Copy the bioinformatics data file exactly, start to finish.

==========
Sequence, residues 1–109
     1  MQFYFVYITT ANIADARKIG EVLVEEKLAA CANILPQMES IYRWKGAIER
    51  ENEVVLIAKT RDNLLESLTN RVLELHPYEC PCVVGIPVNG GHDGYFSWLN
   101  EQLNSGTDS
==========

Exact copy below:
Sequence, residues 1–109
     1  MQFYFVYITT ANIADARKIG EVLVEEKLAA CANILPQMES IYRWKGAIER
    51  ENEVVLIAKT RDNLLESLTN RVLELHPYEC PCVVGIPVNG GHDGYFSWLN
   101  EQLNSGTDS